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Statuette of Seated Cynocephalus Ape

Egyptian, Classical, Ancient Near Eastern Art

On View: Egypt Reborn: Art for Eternity, Old Kingdom to 18th Dynasty, Egyptian Galleries, 3rd Floor

Baboons warm their stomachs by sitting up, raising their paws, and facing the sun each morning, a behavior the Egyptians interpreted as solar worship. Egyptians included baboon figures in burials to assist in the deceased's rebirth. Wild baboons had all but disappeared from around the Nile Valley by the Middle Kingdom, when this figure was made. Female baboons were placid enough to be domesticated and kept as pets, but they had to be imported at great cost from central Africa, making them exotic luxuries and conspicuous status symbols.

MEDIUM Faience
  • Place Excavated: Lisht, Egypt
  • DATES ca. 1938-1700 B.C.E.
    DYNASTY XII Dynasty-early XIII Dynasty
    PERIOD Middle Kingdom
    DIMENSIONS 2 1/2 x 1 1/2 x 1 3/4 in. (6.4 x 3.8 x 4.4 cm)  (show scale)
    CREDIT LINE Charles Edwin Wilbour Fund
    RIGHTS STATEMENT Creative Commons-BY
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    CAPTION Statuette of Seated Cynocephalus Ape, ca. 1938-1700 B.C.E. Faience, 2 1/2 x 1 1/2 x 1 3/4 in. (6.4 x 3.8 x 4.4 cm). Brooklyn Museum, Charles Edwin Wilbour Fund, 59.199.3. Creative Commons-BY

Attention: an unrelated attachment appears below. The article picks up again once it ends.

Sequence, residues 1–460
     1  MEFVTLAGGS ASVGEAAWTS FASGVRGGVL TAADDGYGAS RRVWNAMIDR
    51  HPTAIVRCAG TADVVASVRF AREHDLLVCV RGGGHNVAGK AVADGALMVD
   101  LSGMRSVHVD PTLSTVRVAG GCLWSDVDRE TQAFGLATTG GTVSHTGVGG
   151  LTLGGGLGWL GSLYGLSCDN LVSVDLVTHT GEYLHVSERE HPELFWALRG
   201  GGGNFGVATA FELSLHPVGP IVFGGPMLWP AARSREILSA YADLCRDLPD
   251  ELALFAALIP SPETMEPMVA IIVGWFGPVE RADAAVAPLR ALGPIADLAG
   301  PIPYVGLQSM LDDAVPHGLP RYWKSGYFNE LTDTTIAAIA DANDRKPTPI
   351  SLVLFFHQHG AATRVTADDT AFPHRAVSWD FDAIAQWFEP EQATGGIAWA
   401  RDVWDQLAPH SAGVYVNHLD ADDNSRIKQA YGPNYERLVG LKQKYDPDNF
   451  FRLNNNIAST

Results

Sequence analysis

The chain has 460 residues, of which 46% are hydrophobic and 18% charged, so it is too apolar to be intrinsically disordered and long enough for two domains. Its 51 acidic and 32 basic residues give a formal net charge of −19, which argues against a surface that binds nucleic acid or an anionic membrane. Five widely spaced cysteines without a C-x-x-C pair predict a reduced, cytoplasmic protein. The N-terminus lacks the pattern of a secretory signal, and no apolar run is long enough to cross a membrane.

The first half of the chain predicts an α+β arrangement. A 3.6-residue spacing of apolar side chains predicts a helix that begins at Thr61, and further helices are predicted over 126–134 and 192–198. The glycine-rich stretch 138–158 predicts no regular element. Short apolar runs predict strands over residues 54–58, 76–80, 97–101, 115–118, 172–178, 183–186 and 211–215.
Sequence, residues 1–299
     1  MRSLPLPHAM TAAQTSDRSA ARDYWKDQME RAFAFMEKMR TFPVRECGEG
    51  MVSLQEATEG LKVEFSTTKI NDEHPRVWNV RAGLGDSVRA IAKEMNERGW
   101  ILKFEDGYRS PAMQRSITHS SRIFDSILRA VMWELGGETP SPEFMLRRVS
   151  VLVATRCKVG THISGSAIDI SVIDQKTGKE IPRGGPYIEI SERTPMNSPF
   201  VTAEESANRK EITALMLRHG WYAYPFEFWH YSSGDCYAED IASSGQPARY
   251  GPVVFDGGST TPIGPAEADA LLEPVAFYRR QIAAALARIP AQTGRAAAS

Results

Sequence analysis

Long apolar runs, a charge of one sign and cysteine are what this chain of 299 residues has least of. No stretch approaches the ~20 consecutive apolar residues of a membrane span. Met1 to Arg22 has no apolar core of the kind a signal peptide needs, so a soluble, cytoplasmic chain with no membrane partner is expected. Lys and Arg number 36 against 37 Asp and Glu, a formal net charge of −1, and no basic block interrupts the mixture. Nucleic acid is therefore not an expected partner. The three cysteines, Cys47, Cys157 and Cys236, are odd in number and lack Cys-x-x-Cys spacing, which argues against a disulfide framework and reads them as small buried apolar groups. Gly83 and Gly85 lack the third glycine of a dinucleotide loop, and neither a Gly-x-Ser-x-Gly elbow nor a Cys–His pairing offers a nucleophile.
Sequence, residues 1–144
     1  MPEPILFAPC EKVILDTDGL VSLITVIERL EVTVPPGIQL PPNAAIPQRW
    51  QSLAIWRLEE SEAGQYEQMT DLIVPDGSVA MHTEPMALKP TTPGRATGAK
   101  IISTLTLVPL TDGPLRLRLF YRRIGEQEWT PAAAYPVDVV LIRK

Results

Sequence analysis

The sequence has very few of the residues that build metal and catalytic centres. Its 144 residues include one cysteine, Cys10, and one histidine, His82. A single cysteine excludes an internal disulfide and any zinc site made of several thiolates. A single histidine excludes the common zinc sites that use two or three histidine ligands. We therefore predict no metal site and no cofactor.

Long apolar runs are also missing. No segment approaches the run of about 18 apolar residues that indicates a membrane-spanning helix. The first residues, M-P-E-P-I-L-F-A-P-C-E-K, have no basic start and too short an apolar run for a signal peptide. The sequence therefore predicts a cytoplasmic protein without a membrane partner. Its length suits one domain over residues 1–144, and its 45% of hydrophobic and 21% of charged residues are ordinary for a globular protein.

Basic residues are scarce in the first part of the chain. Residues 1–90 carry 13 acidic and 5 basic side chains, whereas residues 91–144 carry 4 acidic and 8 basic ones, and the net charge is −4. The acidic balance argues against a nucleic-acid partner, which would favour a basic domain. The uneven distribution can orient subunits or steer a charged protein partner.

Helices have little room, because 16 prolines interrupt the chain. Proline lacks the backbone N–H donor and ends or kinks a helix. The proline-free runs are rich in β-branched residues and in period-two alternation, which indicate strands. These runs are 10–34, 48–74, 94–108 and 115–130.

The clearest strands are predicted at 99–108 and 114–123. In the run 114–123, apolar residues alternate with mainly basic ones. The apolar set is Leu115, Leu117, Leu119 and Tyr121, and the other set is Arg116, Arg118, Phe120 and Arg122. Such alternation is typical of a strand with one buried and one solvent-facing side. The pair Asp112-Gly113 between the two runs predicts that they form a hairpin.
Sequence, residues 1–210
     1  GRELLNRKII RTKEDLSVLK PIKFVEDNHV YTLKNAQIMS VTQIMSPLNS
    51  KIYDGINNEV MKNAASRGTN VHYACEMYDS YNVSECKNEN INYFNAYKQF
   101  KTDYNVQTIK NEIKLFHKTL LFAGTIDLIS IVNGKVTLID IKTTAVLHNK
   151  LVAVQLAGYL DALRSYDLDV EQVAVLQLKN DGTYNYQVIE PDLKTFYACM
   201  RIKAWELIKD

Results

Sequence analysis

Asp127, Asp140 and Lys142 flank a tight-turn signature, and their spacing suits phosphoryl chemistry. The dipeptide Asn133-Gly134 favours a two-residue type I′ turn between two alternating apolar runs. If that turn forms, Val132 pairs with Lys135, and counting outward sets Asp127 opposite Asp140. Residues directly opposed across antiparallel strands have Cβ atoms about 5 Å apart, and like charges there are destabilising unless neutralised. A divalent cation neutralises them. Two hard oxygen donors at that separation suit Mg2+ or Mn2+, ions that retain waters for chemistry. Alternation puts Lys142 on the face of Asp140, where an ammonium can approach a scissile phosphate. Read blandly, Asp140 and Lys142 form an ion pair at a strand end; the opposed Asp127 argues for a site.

IMAGE overall, CUR.59.199.3_erg2.jpg. Brooklyn Museum photograph, 10/27/2008
    "CUR" at the beginning of an image file name means that the image was created by a curatorial staff member. These study images may be digital point-and-shoot photographs, when we don\'t yet have high-quality studio photography, or they may be scans of older negatives, slides, or photographic prints, providing historical documentation of the object.
    CATALOGUE DESCRIPTION Faience statuette of seated cynocephalus ape in conventional pose, hands on knees, frontal. Base has rounded back. Remains of a blue-green glaze. Condition: Only scattered patches of glaze remain. Left hand of ape worn.
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    Statuette of Seated Cynocephalus Ape